In the 2013 film "White House Down," Jamie Foxx portrays the President of the United States. His life is at risk after the White House is taken over by a group of terrorists. In order to infiltrate what is arguably one of the nation's most closely guarded residences, terrorists compromise the Secret Service. As with all Hollywood blockbusters portraying threats to the White House, elaborate efforts are undertaken to evade the terrorists by way of the "secret" underground tunnel system that was created below 1600 Pennsylvania Ave. during the Truman administration. While this all makes for an extremely entertaining film, in real life it turns out there is a far simpler way to put the White House on lockdown - simply send a toddler through the fence. At least that's how a toddler did it last August when he got away from his parents, squeezed through the gates and caused a temporary lockdown.
As the parents of any toddler can attest, little people are frequently capable of creating major drama in the most unexpected ways. Naturally, this made us think about the potential disruptions regulators are concerned could be introduced into the banking system through any one of the numerous new payment systems that are being adopted by the banking industry and making their way into the daily usage by consumers. As such, the OCC has said it is focusing its efforts for the second half of 2016 on ensuring that banks are prepared for the new cyber risks that could occur when new payment systems are rolled out.
As banks small and large aggressively adopt and incorporate new payment methods into their offerings to meet customer demand, one thing they can be certain of is the fact that hackers are equally aware of these same offerings. As such, it is more than likely that hackers have already begun searching for ways to access and exploit any new payment method. They will likely use a variety of tactics, including identity theft, weakness in app security or more elaborate money laundering efforts. Because of this reality, the OCC wants to be sure that banks are not only aware of the risks new payment methods present, but that they are also measuring their own vulnerabilities.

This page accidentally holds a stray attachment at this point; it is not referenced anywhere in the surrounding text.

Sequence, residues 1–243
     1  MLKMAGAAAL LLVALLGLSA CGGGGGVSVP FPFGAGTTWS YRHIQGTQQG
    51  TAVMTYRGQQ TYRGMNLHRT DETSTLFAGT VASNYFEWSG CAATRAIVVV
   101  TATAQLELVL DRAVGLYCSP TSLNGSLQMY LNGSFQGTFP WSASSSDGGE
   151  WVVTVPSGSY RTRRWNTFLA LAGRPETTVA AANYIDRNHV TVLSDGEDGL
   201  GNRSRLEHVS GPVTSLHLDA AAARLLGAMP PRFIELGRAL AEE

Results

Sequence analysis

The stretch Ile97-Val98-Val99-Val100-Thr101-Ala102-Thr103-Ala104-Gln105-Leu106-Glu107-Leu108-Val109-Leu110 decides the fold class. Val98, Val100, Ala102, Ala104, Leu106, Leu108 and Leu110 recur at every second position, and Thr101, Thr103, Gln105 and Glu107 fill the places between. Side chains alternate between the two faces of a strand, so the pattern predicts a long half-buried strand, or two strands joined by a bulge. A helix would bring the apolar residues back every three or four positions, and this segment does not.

The OCC wants banks to make sure they continuously educate themselves about the risks of mobile payment services and digital currencies. Further, banks need to be sure to look beyond their own operations to include every step of the payment chain (such as the inherent risks at merchants themselves). Since banks and credit agencies are already more knowledgeable about the inherent risks of money laundering and cyber-crime than merchants, the OCC suggests that it would be beneficial for banks to take the time to educate merchants. Education programs for merchant customers and prospects should include the rising threat of cyber security, weaknesses that can occur at the merchant level and a primer of basic steps merchants can take to help with the problem on their end.
Additionally, the OCC wants banks to plan to regularly use the self-assessment tool that will be included in the updates to its soon-to-be-released Information Technology Examination Handbook. The OCC is hoping to level the playing field a bit more for banks by taking advantage of the authority it has under Dodd-Frank to enhance its oversight of payment providers outside of the traditional banking industry (such as ApplePay & Google Wallet).
Lots of opportunities await with the adoption of new payment systems, so banks just need to keep up with the risks as well. Doing so will ensure both those schemes elaborately planned and those more accidental (like the kid who slipped through the White House fence) are handled quickly and professionally.